2022 FIFA World Cup betting sites
The FIFA World Cup is the biggest betting event in all of sport. Bookmakers take billions of bets whenever the finals roll around, and it will be no different for Qatar 2022. Let us show you all there is to know about betting on World Cup football, including which bookmakers are best for gamblers in United States.
2022 World Cup outright odds
Five-time winners Brazil and defending champions Germany head to Russia 2018 as favourites for the title. European heavyweights France and Spain are also well backed, with Argentina and Belgium not far behind.
+450 – Brazil
+500 – France
+550 – Germany
+600 – Spain
+800 – Argentina
+850 – Belgium
+900 – England
+1100 – Italy
+1400 – Netherlands
+1800 – Portugal
+2200 – Croatia
+2500 – Colombia, Uruguay
+3000 – Chile
+4500 – Mexico
+6000 – Sweden, United States
+6600 – Denmark
+7500 – Serbia
+8000 – Russia, Switzerland
+9000 – Austria, Czech Republic, Paraguay, Poland, Turkey
See more odds at Bovada
Best bookmakers for World Cup odds
Online bookmakers experience a massive boom whenever the World Cup is on. We recommend the soccer betting sites below because they are licensed and regulated, offer great odds across thousands of markets and accept gamblers from United States.
Best World Cup bookmakers
|#1||Claim a 50% deposit bonus up to the value of USD $250||
||> Review||Bet Now|
|#2||50% matched deposit up to USD $5,000||
||> Review||Bet Now|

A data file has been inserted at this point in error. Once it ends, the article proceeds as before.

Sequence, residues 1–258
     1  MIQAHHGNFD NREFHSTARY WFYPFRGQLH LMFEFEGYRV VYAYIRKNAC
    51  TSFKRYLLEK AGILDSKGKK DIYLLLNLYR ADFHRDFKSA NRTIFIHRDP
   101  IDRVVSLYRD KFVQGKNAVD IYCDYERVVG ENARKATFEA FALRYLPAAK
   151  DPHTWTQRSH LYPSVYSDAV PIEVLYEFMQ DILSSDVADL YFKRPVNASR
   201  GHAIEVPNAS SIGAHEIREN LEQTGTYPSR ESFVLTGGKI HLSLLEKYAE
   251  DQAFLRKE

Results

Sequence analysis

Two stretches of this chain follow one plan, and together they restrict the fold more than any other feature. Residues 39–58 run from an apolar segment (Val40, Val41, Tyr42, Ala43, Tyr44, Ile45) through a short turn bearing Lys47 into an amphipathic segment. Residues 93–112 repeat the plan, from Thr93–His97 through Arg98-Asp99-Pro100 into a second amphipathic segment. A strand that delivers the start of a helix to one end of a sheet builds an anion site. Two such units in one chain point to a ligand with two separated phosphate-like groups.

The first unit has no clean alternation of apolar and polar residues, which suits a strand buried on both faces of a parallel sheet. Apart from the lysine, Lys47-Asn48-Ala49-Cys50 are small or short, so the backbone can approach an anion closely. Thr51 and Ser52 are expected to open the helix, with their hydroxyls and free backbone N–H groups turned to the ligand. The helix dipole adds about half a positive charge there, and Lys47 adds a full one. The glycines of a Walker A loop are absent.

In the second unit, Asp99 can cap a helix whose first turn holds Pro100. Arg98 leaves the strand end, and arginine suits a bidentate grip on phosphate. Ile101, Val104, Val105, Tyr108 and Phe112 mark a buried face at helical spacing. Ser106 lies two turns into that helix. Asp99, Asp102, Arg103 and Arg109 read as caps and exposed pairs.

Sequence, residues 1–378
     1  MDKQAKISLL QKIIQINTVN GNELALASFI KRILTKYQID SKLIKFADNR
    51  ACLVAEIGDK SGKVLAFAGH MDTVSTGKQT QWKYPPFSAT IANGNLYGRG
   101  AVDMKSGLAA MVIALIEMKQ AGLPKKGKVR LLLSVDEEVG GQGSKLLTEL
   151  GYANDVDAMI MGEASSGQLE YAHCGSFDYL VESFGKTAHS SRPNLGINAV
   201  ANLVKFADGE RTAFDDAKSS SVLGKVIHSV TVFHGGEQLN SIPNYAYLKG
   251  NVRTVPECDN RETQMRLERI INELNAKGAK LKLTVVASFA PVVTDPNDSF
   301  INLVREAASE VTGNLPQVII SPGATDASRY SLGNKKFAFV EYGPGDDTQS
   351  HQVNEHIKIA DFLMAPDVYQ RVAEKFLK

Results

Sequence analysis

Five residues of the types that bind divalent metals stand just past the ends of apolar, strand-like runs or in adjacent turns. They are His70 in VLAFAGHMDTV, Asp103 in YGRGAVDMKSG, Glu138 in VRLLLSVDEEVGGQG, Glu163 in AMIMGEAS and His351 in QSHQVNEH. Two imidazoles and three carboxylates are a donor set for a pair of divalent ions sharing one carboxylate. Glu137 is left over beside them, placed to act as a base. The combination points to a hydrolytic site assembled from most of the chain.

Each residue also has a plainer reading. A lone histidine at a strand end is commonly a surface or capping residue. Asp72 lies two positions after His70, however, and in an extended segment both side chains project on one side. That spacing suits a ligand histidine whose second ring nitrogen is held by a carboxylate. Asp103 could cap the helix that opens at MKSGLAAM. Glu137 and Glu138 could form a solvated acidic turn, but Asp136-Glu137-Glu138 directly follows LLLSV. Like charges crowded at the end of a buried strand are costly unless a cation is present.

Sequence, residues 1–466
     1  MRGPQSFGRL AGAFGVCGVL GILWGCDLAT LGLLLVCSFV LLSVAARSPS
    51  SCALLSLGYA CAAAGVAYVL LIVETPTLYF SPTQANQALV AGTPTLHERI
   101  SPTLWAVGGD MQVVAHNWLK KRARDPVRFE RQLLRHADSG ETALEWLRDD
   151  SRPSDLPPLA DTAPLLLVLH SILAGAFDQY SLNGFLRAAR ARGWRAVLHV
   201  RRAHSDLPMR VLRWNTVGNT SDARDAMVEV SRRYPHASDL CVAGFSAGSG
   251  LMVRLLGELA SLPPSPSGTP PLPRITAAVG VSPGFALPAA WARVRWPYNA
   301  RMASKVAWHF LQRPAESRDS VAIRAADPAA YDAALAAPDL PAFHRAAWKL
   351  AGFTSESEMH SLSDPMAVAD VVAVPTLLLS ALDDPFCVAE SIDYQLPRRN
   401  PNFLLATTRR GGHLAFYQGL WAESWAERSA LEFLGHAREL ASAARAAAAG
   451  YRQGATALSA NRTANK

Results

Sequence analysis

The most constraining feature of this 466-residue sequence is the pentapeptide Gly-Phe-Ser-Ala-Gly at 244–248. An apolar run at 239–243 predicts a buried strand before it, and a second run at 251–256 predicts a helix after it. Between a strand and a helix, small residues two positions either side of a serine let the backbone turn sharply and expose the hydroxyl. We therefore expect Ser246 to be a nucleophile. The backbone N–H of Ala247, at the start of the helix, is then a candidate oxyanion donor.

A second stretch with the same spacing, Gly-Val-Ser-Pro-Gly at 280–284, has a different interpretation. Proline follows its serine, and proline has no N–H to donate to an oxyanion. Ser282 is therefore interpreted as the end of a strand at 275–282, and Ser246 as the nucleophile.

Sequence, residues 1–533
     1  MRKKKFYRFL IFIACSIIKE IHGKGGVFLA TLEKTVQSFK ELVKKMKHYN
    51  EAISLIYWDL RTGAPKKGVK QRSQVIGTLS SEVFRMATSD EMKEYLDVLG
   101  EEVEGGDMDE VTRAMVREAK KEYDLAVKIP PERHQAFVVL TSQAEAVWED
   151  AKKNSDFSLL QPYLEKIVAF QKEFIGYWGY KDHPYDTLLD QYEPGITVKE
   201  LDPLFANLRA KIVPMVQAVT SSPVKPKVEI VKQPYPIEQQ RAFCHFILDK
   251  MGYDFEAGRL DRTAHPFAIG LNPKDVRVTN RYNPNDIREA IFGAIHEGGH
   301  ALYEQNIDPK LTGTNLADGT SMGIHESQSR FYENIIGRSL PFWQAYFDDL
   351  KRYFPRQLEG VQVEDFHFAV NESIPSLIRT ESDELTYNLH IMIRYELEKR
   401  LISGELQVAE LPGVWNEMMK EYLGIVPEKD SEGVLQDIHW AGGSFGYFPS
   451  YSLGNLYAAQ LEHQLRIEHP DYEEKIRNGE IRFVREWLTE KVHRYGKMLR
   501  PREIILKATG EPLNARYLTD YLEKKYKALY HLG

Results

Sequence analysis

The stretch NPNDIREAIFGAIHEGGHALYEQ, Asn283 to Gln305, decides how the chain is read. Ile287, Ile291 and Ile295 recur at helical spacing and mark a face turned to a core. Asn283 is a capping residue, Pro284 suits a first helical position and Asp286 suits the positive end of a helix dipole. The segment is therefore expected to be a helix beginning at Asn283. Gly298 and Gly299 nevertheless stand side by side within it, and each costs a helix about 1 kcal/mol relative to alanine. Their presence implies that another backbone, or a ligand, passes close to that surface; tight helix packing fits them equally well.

How to bet on World Cup football
World Cup bookmakers run hundreds of different betting markets for matches, groups, propositions and future results. Open the tabs below to find out more.
- There are three standard bets for every World Cup game: Team A to win, Team B to win, or the match to end in a draw. Whichever team offers the lowest odds is the favourite.
- Handicap bets level out the odds when one team is heavily backed to beat the other. This is done by giving the outsider a head start of one or more goals, meaning the favourite must overcome that margin in order to beat the handicap. For example: if Brazil have a +2.0 handicap, the bet only pays if they win by two or more goals.
- Correct score bets offer excellent odds, but mostly because they are difficult to pick. For example: if we back Spain to win 3-0, the bet only pays if they score exactly three goals and concede exactly none.
- First goalscorer is one of the most popular player props on offer, but bookies also run markets for last goalscorer, anytime goalscorer, braces, hat-tricks, and any number of special bets.
- Many match bets are also available for the first half and the second half in isolation. Instead of betting on the end result of a game between Germany and Mexico, for instance, we can instead wager that the score will be 0-0 at half-time.
- Double bets offer big odds for backing two outcomes at once. Popular markets include half-time/full-time result, total goals/match result and first goalscorer/match result.
- You can bet on just about every aspect of a World Cup game. Football exotics cover hundreds of separate outcomes within a match, including the number of corner kicks won, the number of yellow cards shown and whether any penalties are awarded.
- World Cup outright markets are available within days of the previous tournament’s conclusion. Besides title betting, bookies offer futures odds on group winners, stage of elimination, top tournament goalscorer and player of the tournament.
About the Fifa World Cup